Study Area
The study area includes a multichannel floodplain with 1Km length in the main channel of Seh- Hezar River located in the northern slops of Alborz Mountain. She-Hezar catchment drains an area of 462 Km2, originating from Takhte-Solayman glaciers and entering in to Caspian Sea (Fig. 1). The altitude in this catchment ranges from 389 to 4650 m which causes forms of many different geomorphic- ecologic zones including rainy forest areas in the low altitudes to Preglacial and Glacial environments at high altitudes. The annual average temperature varies from 0 to 13 °C; and the basin is characterized by abundant precipitation which falls as snow at high elevations in winter.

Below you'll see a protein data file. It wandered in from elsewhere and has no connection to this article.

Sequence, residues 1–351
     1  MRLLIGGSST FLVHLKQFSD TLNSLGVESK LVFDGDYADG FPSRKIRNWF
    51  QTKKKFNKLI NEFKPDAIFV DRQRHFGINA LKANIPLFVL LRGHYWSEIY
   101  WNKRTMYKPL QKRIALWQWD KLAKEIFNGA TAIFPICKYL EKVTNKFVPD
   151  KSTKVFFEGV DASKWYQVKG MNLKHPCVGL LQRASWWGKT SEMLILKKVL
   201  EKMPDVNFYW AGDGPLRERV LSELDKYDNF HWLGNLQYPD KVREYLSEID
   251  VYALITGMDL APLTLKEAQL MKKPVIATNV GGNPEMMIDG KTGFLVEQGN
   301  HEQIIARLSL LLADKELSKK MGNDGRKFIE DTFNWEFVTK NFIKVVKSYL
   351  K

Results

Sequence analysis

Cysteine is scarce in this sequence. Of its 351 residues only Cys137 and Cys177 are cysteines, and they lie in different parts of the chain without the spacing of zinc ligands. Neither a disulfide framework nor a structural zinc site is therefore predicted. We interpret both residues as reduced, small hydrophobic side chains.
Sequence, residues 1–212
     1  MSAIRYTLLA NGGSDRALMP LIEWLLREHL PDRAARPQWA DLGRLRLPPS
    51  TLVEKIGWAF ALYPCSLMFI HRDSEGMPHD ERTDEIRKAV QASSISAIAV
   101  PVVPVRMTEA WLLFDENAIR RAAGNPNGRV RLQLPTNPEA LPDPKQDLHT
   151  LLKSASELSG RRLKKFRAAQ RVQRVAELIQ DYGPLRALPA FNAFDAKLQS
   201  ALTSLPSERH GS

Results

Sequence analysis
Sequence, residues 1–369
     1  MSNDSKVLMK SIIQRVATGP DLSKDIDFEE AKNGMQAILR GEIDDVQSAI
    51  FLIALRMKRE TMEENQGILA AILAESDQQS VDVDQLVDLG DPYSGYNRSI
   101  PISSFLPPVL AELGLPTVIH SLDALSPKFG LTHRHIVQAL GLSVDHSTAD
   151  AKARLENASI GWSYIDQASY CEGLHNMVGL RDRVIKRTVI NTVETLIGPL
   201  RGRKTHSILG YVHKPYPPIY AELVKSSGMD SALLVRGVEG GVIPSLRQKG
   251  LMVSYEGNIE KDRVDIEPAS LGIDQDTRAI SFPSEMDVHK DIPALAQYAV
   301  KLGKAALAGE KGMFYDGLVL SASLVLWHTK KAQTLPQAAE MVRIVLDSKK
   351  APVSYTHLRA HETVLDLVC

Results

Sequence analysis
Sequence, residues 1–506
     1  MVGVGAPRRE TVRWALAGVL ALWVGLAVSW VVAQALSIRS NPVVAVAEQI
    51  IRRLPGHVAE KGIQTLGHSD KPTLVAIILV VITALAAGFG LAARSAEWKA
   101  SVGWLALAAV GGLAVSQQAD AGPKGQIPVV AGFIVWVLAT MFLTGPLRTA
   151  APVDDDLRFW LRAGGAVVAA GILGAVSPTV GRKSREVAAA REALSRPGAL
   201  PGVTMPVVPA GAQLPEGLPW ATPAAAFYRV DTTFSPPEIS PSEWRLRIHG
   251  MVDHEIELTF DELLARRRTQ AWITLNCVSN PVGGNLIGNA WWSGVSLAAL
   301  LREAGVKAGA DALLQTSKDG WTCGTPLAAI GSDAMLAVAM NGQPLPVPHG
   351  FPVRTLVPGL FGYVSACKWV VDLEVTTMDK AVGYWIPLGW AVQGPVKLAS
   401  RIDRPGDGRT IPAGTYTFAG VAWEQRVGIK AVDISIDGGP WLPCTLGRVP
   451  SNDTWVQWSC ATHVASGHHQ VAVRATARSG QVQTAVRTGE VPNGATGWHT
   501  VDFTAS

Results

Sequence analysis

Extreme floods are common in the Seh-Hezar River catchment and are triggered by heavy storms and high stream gradient, which makes extremely high discharge and debris transport rates possible. Local organizations emphases that the occurrence of floods have been increased in the river by Glacial melting which is accelerated under global warming phenomena during the last decade. Some studies is been referred to acceleration of melting and ablation of Alam-Kuh and Takhte-Solayman glaciers by global warming(e.g, Yamani 2009) Hydrological data are available only for 10 years(2001-2011) from the “Servash-Poshteh” station located in the 5 Km upper part of the study area.
Material and Methods
The materials were used in this paper consists ASTER digital elevation model, ETM satellite image, maximum flood discharge records of Servash-Poshteh station and 20 tree samples as cross section and wedges.
The methods applied in this study can be divided into three main sections, namely: (i) field procedures; (ii) tree-ring data analyses; and (iii) flood reconstructions.